Eli5 – How does stomach anxiety work?


How can anxiety cause nausea or IBS

In: 1

Good question!

Anxiety puts your body into ‘fight/flight’ mode, which is the sympathetic nervous system. This means your body is adapting your body to move quickly, which is why you breathe faster and your heart rate goes up.

Well, what do you not need while running from a bear or a particularly angry grandmother? Your stomach. So your body inhibits your stomach muscles, causing the stomach contents not to move as much, which may lead to nausea, especially if you had a large, spicy, or fizzy meal.

I’m not too sure about IBS, as I would assume that the bowel muscles would also be inhibited. Perhaps contents staying still in your bowels lets the bacteria eat more, leading to gas/diarrhea?

I hope this helps!

I feel like this is a tough question to answer like you are five years old because as a whole given that we are just starting to understand how the gut plays into our psychology. Most of your body’s [serotonin resides in the gut](https://my.clevelandclinic.org/health/articles/22572-serotonin), which some have even gone as far as calling our “[second brain](https://hms.harvard.edu/news-events/publications-archive/brain/gut-brain).” I’m not sure the evidence for that is complete, but hopefully, someone will come along and correct/annotate what I’ve said.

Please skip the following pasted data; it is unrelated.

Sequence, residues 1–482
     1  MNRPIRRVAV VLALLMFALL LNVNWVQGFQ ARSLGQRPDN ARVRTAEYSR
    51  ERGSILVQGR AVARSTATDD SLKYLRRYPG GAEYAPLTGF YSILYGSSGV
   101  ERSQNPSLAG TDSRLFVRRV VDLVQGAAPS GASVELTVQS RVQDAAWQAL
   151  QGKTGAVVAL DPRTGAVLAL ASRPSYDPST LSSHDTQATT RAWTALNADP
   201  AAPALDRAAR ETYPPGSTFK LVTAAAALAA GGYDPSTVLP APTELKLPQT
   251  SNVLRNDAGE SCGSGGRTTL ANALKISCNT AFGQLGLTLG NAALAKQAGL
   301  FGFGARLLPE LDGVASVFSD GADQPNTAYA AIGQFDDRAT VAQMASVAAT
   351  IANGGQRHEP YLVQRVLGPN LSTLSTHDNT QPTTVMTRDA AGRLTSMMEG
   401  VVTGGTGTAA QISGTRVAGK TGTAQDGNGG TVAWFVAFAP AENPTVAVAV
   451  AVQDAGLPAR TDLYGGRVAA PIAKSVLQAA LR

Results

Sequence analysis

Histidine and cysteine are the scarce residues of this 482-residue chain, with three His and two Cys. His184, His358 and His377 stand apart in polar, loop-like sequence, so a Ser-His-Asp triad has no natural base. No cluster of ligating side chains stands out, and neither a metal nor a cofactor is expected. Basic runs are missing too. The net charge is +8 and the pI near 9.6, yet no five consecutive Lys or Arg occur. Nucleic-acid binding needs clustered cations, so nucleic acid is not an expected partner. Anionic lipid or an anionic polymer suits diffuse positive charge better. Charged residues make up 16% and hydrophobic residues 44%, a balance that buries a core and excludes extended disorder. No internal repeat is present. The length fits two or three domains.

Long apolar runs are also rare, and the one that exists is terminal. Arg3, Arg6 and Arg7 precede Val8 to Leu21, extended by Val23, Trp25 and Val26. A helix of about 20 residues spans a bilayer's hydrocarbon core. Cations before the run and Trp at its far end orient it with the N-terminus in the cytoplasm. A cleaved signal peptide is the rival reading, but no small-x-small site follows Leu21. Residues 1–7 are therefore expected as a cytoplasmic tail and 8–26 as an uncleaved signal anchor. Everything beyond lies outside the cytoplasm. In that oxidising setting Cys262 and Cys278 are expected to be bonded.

Also, as mentioned, the basic “fight or flight” function can also be the cause of it in the short term, as others have noted. Adrenaline would be the significant contributing factor in this context.

tl;dr: We have biochemical feedbacks in our physiology that respond to environmental factors in different ways, and there is no definitive answer that encompasses all cases.

Going for the 5yo part!

Going back in evolution a bit, we were all dumb animals. One of the best things we could learn is what food is healthy and what might poison us.

The result is that our digestive system has a LOT of nerves that have a hotline to our brain.

And sometimes the signals can backfire. When our brain gets nervous, or dizzy, then it can send an overload of signals to the gut and we can’t really tell if we need energy or should evacuate the food we have.